It was great… up to some point. I don’t really know where, but I suspect it started getting tedious when all of a sudden Sophia started subscribing (w00t alliteration) to Communist, hm, maybe not ideas, but actions. Why? Out of love for Minna, when Minna herself was sort of ambiguous about the revolution?But the first part was absolutely magnificent. Here was Sophia, a wealthy, cold, calculating, unloving, unsympathetic, racist person, and I couldn’t tear myself off her – what a fascinat [...]
It's hard to describe just how much race, class, gender, political points of view, and nationalism together dominate this book. The confluence is astounding and overwhelming. I don't think I have ever seen a main character go through such a volte-face as Sophia does here. From aloof and distant English mother, frigidly estranged wife, wealthy mistress of a large estate, and coldly superior beneficiary to those she considers beneath her, holding the corresponding horrifying race, class, and gende [...]
This is an interesting example of historical fiction (written in 1936, set in 1848) and lesbian fiction (a romance between an unfortunate English aristocrat, Sophia, and her husband's erstwhile mistress, Minna, who escaped pogroms in her native Lithuania as a child).There are some beautiful passages – a few that spring to mind are Sophia dawdling in the Cornish countryside, blissfully alone, and Minna's lyrical childhood reminiscence of the arrival of Spring in the forest, with a river waking [...]
Jane Austen meets Victor Hugo with a dash of Thelma and Louise. Sophia Willoughby is a headstrong English aristocrat, who's sent her husband packing to live with his mistress while she goes about raising her children. The children die, and Sophia tracks her husband to Paris, where instead of reconciling with him she winds up infatuated with his mistress, Minna, and the two of them send the husband packing and proceed to live a Bohemian life together until the Revolution of 1848 puts them on the [...]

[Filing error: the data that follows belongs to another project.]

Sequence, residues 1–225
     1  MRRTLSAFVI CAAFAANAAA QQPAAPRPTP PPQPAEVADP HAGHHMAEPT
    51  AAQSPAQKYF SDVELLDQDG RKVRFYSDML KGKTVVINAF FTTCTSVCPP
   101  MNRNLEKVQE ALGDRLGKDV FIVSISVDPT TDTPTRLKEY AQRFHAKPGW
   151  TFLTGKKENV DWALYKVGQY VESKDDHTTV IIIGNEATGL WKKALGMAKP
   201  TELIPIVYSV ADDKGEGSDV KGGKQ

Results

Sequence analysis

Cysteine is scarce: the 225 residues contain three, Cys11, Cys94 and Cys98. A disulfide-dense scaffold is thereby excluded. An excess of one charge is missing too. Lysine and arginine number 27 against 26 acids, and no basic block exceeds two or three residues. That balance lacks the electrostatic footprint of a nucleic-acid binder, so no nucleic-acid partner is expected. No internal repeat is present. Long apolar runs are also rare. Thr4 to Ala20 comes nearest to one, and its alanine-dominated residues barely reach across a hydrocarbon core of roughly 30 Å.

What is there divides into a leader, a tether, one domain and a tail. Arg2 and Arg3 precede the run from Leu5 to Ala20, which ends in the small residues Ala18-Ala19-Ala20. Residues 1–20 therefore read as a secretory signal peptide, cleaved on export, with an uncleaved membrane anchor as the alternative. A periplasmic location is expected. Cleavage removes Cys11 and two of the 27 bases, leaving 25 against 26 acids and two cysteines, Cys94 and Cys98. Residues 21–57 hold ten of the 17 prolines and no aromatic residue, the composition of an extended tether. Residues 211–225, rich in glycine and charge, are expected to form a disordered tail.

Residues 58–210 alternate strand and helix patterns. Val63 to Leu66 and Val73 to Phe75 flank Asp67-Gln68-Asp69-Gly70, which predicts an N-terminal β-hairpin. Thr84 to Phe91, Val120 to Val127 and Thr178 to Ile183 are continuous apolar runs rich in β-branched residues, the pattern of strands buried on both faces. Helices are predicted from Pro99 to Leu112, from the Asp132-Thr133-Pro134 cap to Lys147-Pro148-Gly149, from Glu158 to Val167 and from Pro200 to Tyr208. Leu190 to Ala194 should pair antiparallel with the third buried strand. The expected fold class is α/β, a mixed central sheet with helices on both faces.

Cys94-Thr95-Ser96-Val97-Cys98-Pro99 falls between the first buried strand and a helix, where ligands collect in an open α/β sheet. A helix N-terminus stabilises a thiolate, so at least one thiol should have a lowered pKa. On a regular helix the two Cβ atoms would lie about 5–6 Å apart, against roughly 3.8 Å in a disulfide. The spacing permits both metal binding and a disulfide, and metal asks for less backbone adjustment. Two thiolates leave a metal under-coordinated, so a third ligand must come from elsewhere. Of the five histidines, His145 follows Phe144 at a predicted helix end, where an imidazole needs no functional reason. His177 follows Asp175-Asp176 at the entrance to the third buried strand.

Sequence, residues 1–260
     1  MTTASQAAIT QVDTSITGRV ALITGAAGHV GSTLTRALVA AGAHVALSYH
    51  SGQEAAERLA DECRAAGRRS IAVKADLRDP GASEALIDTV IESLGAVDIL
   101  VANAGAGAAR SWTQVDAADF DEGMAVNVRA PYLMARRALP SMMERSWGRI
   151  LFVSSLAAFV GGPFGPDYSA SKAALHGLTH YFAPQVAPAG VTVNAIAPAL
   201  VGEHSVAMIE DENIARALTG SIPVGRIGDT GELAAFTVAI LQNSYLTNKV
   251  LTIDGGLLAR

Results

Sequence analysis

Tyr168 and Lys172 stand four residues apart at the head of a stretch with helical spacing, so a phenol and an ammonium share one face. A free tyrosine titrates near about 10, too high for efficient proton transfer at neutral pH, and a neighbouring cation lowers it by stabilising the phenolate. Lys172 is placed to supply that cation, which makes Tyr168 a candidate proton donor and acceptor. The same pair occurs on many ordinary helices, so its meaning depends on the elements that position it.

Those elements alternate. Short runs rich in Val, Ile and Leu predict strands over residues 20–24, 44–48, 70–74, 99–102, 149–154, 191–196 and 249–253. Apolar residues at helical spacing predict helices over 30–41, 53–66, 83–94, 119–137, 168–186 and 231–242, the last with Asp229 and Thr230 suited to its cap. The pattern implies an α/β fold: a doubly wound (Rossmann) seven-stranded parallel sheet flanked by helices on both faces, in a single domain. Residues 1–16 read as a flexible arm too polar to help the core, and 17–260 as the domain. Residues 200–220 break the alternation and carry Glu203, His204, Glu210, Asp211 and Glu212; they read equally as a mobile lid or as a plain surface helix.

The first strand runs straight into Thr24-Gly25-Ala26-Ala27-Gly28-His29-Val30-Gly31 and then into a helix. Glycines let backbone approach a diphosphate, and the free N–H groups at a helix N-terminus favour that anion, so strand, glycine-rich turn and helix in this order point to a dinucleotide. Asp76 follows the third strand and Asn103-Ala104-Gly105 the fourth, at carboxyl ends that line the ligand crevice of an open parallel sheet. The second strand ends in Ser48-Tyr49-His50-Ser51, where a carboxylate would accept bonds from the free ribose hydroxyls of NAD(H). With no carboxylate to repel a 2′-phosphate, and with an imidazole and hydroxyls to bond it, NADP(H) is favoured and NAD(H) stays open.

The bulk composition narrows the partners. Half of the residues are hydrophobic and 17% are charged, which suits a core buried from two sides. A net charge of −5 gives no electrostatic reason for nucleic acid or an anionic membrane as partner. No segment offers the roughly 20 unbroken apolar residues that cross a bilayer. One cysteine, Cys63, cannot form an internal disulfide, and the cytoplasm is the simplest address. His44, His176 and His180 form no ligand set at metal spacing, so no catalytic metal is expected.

Thought the writing of the first half when Sophia loses here children was incredible and worth 5 stars. The second half of the book in 1848 revolutionary Paris was less inventively written more conventional narration, but an interesting premise. Ending was ambiguous.
I found this book interesting, but also disappointing and hard to get through. Warner's writing style often left me wondering just where the characters were/what was happening, etc. It's possible I need to give it a year's rest, then read it again!Sophia Willoughby's transformation from prim, upright Tory mansion-keeper, wronged wife and tragic mother (both her children die of tuberculosis) into poverty-loving, barricade-manning revolutionary is as unconvincing as her suddenly discovered love fo [...]
I loved this novel so much. Amazing plot and the character development was incredible. I loved that Sylvia Townsend Warner made her character variety so diverse, and no character was perfect. There was no stereotypically beautiful woman, and the way she brought race and identity to the forefront of her discussion was beautifully done.
really stunning prose, interesting characterization of complicated women, I loved those things, but jfc the antisemitism/casual 1930s racism is hard to read past.
wonderous but should have ended in a murder spree.